THL: Cocaine Helsinki’s most popular illegal drug

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Trade in and importation of the illegal substance has increased as demand increases.

Last summer, cocaine outperformed amphetamine in wastewater tests in Helsinki. Image: Copyright Rex Features Ltd 2012/All About Press

Cocaine has become the most popular party drug in the Helsinki metropolitan area, according to the Finnish Institute of Health and Welfare (THL), which monitors drug residues in wastewater.

THL announced in early September that samples taken in May at the Viikinmäki wastewater treatment plant showed measured cocaine levels surpassing amphetamines for the first time. Since then, cocaine has been found even more frequently.

Figures recorded in May saw 169.9 mg of cocaine per thousand inhabitants per day – while in August the proportion reached 270.4 mg.

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elite drug

A cocaine dealer spoke to Yle on condition of anonymity, but their claims were confirmed by police.

The dealer said his customers are usually between 20 and 40 years old with at least a middle income, and about 80 percent are male.

Junkies can’t afford Coke. The rich mostly figure it out,” the dealer told Yle.

Kimmo SainoSenior Detective Chief Inspector at the Helsinki Police Department agreed with the dealer.

“Drug users seen on the street usually have a long history of mixed use of amphetamines, drugs and alcohol. They are rarely found with cocaine,” explains Sainio.

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Sainio noted that cocaine is more of an elite drug in price, but people in the metropolitan region are increasingly able to afford it.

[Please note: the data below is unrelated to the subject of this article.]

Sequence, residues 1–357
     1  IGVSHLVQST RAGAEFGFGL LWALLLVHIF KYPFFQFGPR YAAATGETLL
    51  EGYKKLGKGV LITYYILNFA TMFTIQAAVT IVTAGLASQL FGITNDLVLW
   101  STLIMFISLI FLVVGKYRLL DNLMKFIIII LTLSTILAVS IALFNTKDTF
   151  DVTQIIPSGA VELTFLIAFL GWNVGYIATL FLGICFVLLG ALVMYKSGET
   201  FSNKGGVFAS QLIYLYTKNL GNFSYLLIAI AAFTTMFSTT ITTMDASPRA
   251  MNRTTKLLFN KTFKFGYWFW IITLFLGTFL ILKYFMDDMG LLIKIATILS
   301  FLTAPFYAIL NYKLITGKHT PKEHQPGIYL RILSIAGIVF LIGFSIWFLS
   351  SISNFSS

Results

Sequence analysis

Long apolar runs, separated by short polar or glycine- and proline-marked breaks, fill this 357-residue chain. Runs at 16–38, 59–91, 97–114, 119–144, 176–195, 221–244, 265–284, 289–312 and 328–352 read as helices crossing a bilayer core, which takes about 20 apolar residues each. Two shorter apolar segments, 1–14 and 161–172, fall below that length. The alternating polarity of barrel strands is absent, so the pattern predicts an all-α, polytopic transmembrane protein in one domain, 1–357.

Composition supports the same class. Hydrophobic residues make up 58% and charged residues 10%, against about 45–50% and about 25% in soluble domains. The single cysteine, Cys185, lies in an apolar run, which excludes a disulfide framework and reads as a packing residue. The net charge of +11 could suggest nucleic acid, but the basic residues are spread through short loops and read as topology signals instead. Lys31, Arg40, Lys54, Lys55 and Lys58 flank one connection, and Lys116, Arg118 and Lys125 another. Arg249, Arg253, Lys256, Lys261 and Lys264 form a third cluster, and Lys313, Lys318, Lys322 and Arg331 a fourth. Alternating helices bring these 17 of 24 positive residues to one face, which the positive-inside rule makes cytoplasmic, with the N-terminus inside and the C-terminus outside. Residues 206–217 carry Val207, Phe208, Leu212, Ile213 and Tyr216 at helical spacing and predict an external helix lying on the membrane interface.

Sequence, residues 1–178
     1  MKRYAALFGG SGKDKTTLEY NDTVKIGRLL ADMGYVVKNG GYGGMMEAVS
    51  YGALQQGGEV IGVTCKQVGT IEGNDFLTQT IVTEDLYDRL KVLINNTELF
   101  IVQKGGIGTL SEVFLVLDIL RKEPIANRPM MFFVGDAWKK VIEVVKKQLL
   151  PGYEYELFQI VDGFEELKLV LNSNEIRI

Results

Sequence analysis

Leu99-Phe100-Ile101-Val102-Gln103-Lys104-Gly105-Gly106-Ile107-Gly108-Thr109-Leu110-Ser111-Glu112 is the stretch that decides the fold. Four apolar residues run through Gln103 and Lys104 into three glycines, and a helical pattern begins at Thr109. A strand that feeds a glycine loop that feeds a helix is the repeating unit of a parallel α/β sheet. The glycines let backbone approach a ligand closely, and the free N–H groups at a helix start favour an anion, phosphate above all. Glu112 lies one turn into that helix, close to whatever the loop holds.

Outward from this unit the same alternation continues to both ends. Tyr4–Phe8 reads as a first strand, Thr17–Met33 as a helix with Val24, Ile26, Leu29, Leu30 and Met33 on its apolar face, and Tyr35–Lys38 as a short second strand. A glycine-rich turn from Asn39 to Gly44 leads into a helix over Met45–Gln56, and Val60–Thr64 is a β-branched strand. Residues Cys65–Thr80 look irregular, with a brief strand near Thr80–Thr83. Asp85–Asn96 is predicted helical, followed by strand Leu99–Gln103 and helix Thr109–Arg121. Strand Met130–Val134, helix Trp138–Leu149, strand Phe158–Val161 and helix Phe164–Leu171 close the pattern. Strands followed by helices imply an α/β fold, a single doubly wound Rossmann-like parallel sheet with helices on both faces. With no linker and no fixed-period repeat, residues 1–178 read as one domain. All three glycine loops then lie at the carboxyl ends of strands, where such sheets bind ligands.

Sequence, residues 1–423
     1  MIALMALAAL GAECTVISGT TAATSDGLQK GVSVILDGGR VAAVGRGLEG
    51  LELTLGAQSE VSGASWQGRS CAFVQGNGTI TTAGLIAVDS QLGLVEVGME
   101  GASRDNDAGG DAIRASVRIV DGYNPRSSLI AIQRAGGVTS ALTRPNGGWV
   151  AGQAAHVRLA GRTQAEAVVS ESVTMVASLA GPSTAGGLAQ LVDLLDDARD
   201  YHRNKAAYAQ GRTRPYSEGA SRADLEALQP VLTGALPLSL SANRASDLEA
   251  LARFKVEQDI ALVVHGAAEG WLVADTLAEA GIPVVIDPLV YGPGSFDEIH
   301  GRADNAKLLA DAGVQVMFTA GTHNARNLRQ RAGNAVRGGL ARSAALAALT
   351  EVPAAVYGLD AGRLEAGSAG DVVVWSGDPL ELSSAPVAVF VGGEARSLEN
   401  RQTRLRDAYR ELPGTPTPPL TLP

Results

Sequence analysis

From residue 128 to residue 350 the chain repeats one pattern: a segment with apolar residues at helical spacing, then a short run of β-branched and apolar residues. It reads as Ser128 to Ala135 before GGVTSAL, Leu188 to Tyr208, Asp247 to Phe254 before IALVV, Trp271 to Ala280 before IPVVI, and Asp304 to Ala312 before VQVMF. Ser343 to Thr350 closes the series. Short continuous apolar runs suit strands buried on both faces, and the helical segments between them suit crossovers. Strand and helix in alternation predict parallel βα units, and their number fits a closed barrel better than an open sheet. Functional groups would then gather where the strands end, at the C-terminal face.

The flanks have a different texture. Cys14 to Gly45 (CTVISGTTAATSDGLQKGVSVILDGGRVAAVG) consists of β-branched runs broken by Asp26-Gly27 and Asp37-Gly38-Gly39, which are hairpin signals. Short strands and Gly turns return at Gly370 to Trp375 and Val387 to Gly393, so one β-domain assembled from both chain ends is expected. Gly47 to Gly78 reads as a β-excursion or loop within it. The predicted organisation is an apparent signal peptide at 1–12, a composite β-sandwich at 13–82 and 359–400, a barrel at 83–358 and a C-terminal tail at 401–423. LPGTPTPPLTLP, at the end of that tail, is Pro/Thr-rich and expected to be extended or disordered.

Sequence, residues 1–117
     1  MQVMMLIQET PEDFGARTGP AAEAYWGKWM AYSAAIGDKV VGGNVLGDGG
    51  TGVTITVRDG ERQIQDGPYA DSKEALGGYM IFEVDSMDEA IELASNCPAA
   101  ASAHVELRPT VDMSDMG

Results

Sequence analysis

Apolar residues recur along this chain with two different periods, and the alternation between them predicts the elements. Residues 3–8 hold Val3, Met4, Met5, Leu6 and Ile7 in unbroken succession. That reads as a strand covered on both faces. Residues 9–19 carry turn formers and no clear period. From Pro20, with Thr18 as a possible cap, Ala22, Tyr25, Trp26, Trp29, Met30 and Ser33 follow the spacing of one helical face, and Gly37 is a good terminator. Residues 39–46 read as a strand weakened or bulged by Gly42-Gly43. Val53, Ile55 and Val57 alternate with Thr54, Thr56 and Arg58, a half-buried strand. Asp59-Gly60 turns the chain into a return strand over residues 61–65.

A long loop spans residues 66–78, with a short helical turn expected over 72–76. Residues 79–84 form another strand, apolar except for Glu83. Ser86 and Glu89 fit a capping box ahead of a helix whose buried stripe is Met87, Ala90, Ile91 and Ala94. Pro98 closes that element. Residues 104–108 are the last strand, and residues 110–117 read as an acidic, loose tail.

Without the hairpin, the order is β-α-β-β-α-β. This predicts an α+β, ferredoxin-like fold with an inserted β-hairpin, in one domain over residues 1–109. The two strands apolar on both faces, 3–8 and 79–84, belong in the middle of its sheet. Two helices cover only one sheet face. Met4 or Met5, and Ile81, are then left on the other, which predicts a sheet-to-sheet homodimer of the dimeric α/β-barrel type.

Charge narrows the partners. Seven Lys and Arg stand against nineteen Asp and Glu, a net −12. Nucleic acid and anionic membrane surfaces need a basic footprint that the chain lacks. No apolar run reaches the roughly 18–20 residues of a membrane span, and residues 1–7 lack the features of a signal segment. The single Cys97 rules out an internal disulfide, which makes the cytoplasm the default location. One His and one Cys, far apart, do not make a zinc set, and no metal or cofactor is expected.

The connotations associated with the substance often add to its appeal, a hallmark of the drug recognized by both police and the dealers interviewed by Yle – while amphetamine is associated with junkies, cocaine is often seen as a drug. success drug.

Imported directly to Finland

Until a few years ago, most of the cocaine transported from South America to Finland was mainly transported via container ships from Spain, the Netherlands and Belgium.

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Now the local police are investigating suspected drug offenses in which cocaine was imported directly from South America to Finland.

“As the Finnish cocaine market has grown, direct imports have become profitable,” Sainio says.

According to Sainio, international organizations send their own people to receive, store and distribute cocaine in Finland. When the work is done, they disappear from the country. This makes it difficult to investigate such crimes.

Because there are fewer intermediate steps in logistics, the substance enters the country in a purer form than before. Close to the point of entry, cocaine can be nearly 100 percent pure, Sainio said.

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